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April 28, 1960 - Image 3

Resource type:
The Michigan Daily, 1960-04-28

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Official' s



Takes ive'"s ,d I


selds to Bias Appeal

Of Family
Vice-President Called
Target of Crowds
SEOUL (R)-The Seoul Martial
Law Command announced that
Vice-President-Elect Lee Ki Poong
and his wife and two sons com-
mitted suicide in a building on the
grounds of the presidential man-
sion about 5:40 a.m. today.
The family had disappeared
from public view this week at the
height of the bloody uprising
against the now fallen government
of Syngman Rhee.
Home Minister Lee Ho was
quoted by a Korean news service
as saying one of Lee's sons, who
also is the adopted son of Rhee,
shothandnkilled his father, his
mother and a younger brother,
then turned the gun on himself.
Ki-Poong Target
Lee Ki-Poong, controversial and
disavowed Vice - President - elect,
was a chief target of antigovern-
ment demonstrations that brought
the downfall of the Rhee govern-:
The son named as the killer was
Lee Kang Suk, an arny lieutenant.;
Korean press reports called the
deaths a suicide pact.
The martial law command said
the bodies of the four were taken
to Metropolitan Army Hospital,
,where it was confirmed that all
were dead.
Official Announcement
The command announcement
"Around 5:40 a.m. Thursday,
Mr. Lee Ki-Poong, Mrs. Maria
Park Lee, his first son, 2nd Lt.
Lee Kang Suk (Rhee), and his
second son, Lee Kang-uh, com-
mitted suicide at the official resi-
dence Number 36 of the Presi-
dential Residence, located at 1
Sejong Street, Seoul.
"Their bodies were inspected and
confirmed at the scene of the sui-
cide by the prosecutor and physi-
cians and were moved to the Met-
ropolitan Army Hospital. An offi-
cial investigation is under way."
Family Missing
The Lee family had not been
seen since Tuesday at the height
of the uprisings when their home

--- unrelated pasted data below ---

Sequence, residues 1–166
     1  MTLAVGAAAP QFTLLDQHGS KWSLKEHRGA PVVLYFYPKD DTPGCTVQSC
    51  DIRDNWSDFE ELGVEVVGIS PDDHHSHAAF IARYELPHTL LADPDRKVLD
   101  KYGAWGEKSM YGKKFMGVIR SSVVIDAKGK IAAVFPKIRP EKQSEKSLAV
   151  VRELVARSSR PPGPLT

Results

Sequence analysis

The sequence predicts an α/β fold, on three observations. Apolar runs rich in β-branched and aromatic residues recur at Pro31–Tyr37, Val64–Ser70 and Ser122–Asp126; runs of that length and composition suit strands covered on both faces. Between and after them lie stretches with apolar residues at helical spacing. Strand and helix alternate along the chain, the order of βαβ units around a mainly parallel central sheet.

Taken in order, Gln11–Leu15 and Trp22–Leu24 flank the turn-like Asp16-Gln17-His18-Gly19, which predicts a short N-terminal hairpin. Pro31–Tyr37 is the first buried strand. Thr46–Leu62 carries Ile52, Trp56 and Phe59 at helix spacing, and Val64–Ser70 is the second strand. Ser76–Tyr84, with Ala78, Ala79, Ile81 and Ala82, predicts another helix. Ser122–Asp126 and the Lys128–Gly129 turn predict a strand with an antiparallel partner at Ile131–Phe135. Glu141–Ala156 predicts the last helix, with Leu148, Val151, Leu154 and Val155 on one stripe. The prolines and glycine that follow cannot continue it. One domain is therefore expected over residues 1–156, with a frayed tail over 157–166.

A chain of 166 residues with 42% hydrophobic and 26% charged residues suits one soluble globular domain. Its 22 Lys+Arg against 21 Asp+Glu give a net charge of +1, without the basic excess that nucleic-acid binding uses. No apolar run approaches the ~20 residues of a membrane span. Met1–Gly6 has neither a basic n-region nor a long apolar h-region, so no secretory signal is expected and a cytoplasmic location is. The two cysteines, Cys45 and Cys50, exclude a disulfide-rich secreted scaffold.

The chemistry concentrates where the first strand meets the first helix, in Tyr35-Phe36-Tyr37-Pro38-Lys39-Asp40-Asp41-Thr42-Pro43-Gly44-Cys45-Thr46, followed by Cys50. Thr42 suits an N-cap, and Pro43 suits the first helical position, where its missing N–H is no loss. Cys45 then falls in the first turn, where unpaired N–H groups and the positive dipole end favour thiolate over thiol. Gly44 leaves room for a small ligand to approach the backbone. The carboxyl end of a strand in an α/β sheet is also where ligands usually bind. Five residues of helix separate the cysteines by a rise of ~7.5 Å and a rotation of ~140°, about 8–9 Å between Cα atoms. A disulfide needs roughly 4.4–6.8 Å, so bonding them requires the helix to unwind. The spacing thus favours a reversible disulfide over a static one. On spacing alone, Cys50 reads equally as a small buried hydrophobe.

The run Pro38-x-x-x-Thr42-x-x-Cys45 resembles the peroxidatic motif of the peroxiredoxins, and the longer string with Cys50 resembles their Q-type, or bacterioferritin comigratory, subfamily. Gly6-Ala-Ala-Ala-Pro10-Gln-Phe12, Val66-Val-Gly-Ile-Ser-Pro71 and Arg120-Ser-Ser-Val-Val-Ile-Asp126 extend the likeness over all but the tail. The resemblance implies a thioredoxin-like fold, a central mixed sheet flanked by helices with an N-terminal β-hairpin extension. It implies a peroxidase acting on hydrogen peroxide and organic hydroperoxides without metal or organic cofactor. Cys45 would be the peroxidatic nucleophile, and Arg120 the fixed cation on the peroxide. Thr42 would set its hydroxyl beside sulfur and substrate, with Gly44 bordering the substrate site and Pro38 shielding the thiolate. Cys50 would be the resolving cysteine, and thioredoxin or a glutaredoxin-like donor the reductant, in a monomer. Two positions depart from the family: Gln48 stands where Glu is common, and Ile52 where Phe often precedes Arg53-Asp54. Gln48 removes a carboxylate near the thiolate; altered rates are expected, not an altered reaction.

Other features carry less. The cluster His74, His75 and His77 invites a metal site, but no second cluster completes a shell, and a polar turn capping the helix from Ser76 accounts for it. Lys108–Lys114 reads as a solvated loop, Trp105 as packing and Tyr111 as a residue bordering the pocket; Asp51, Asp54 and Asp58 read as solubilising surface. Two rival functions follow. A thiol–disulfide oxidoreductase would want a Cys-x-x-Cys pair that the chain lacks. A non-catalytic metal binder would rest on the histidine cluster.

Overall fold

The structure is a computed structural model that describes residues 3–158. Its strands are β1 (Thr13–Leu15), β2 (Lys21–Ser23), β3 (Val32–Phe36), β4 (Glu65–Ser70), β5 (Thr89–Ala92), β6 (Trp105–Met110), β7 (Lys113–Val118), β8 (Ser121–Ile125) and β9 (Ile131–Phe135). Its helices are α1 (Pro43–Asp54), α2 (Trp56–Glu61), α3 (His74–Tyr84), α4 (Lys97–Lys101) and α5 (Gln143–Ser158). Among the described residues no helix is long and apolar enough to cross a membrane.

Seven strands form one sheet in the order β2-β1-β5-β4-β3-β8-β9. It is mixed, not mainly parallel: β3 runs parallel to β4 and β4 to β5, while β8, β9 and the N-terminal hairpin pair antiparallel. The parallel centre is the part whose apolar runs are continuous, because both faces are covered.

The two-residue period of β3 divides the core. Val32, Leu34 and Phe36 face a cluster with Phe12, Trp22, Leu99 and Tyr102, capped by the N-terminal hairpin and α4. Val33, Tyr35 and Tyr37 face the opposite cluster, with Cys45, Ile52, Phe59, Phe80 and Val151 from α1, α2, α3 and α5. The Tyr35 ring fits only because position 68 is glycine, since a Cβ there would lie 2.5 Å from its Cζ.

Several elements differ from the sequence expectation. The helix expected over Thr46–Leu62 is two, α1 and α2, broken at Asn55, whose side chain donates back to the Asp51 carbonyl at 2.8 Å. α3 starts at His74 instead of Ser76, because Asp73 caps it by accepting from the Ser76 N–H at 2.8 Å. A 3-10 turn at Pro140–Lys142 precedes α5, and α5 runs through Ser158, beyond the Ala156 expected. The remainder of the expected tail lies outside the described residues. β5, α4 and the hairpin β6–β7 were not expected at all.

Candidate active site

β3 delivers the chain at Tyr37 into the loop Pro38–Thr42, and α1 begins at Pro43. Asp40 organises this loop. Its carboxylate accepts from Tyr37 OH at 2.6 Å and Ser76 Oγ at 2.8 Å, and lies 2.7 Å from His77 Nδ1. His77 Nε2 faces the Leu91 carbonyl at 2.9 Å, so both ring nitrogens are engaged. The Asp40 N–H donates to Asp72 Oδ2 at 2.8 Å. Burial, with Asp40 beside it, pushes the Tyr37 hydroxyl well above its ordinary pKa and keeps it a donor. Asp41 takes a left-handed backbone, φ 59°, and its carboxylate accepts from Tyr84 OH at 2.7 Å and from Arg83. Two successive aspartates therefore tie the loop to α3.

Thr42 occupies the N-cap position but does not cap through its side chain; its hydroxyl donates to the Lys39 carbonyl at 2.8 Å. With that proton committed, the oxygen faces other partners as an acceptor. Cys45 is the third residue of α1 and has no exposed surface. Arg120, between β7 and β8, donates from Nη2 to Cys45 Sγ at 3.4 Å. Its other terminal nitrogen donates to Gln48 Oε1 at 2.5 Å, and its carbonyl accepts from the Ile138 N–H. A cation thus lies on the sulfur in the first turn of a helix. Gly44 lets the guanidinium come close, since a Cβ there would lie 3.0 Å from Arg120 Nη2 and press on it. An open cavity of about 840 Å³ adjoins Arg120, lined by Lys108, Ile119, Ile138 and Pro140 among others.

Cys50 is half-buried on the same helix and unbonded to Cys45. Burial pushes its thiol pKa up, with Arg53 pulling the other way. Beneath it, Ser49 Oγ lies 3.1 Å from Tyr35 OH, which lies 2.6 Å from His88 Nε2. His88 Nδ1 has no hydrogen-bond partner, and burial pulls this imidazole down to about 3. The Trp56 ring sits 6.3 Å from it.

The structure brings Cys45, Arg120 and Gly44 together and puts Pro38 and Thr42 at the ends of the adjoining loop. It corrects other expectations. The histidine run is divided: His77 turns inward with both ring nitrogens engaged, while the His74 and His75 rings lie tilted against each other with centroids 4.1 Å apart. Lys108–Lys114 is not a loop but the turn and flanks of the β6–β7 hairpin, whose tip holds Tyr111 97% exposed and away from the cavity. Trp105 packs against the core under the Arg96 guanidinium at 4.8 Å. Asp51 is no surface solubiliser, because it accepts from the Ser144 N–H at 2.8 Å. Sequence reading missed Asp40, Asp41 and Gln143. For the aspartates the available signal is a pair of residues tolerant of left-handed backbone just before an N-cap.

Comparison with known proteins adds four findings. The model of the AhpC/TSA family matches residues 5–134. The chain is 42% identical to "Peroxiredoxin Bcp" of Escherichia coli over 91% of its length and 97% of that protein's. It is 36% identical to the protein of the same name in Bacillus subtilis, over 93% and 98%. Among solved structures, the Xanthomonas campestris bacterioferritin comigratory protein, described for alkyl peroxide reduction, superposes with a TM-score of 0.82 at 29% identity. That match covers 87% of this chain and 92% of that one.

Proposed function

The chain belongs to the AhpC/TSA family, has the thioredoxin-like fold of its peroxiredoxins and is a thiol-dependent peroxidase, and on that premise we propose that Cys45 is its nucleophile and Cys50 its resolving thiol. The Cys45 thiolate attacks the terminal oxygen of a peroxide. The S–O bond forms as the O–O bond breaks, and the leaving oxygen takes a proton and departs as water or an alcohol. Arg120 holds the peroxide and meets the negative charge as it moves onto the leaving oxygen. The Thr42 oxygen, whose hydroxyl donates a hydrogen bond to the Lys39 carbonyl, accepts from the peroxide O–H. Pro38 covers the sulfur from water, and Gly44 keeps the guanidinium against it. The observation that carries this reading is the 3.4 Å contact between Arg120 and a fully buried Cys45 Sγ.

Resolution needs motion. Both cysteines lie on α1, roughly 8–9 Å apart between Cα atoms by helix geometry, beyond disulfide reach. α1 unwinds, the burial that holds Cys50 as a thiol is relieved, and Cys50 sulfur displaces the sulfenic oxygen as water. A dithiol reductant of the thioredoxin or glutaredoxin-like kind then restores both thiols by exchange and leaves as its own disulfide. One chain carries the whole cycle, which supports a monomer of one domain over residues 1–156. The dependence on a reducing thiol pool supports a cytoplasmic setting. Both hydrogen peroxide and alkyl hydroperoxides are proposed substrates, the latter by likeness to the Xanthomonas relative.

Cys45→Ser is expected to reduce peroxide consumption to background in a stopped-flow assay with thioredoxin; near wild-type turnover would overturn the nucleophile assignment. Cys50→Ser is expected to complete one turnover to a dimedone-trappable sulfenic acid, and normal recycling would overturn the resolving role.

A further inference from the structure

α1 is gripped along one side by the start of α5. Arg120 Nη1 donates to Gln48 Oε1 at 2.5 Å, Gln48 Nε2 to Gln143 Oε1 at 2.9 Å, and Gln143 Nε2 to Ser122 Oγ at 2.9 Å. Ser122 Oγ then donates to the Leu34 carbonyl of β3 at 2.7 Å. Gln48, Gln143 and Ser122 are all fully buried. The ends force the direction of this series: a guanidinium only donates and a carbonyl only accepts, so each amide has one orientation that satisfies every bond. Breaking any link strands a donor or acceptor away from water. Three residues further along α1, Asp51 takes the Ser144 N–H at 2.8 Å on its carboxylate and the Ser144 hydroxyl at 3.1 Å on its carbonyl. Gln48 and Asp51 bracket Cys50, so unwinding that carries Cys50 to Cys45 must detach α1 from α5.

was sacked and burned by mobs.
Lee Ki-Poong and Rhee were
long time friends and the old pres-
ident, who yesterday finally quit

eral judge stepped aside yesterday
from presiding over Teamsters
Union President James R. Hoffa's
ouster trial.
A second Judge took over and
quickly rejected a Hoffa move to
delay the case.
F. Dickinson Letts, the 85-year-
old United States District Judge
who created the monitor system
supervising Hoff a's rule of the
Teamsters, disqualified himself on
the basis of Hoffa's charges of
No Legal Choice
Letts said that, without any
intention of admitting any truth
in the bias charges, he had no
choice under the law but to step
aside once the charges were raised.
However, Letts retained control
of the monitor situation.
In what one of the opposing at-
torneys called a "double lateral
forward pass," the case then went
to Chief Judge David A. Pine who
quickly assigned Judge Joseph R.
Jackson to sit as trial judge in
place of Letts.
Jackson, nearly 80 years old, is
a retired member of the United
States Court of Customs and
Patent Appeals.
Hears Pretrial Motions
He immediately began hearing
pretrail motions. Teamsters law-
yers pleaded for a trial delay with
various motions still pending be-
fore Letts and the United States
Court of Appeals are decided.
"Denied," Jackson said crisply
the moment arguments ended.
He ordered more argument this
morning on another Hoffa motion
to cancel the trial altogether. If
that is denied, Jackson said, the
case will get under way.
The trial is a civil one, based!
on contentions of court-appointed

Denies U.S.
WASHINGTON (A) - President
Dwight D. Eisenhower said yester-
day that Syngman Rhee has made
mistakes but the United Statesa
has had no part in inciting the
riots which drove the Korean
President out of powers.
Eisenhower said the most he
ever did was to point out that;
there were irregularities in the
last Korean election and voice a'
hope they could be stopped lest
they lead to trouble. This, he said,
was just a friendly gesture to a;
man who has been a tremendous
patriot but who made mistakes as
he grew older.
First Conference
This was Eisenhower's first news'
conference in a month and the
first since discontent with the out-
come of the Korean elections re-
sulted in demonstrations, violence
and finally in Rhee's resignation
At one point, Eisenhower said
that "I bitterly resent violence in
connection with these things." He
said he had told Rhee there could'
be trouble in Korea.
But to questions whether the
United States government ever
indicated to Korea that it thought
Rhee should leave office, Eisen-
hower replied that "To charge.
America with interference in the
internal affairs of Korea is not
Great Patriot
"Now," he said, "we start off
with this: Syngman Rhee is not
only, has been not only a great
man in his area, but he has been1
a tremendous patriot. I think he{
is one of those men that can be!
called 'the father of his country.'
"As he has grown older, there
would be no doubt that here and
there there has (sic) been mis-
"Now, in this last election, there
were certain irregularities and
the most that I ever did, and as
this was a friendly gesture for a
man I know and respect and ad-
mire, I said that trouble could
come out of such irregularities
and hoped that they could be

Far East
THE HAGUE (-)-Spearheaded
by an aircraft carrier, land, sea
and air reinforcements are being
sent to Dutch New Guinea in a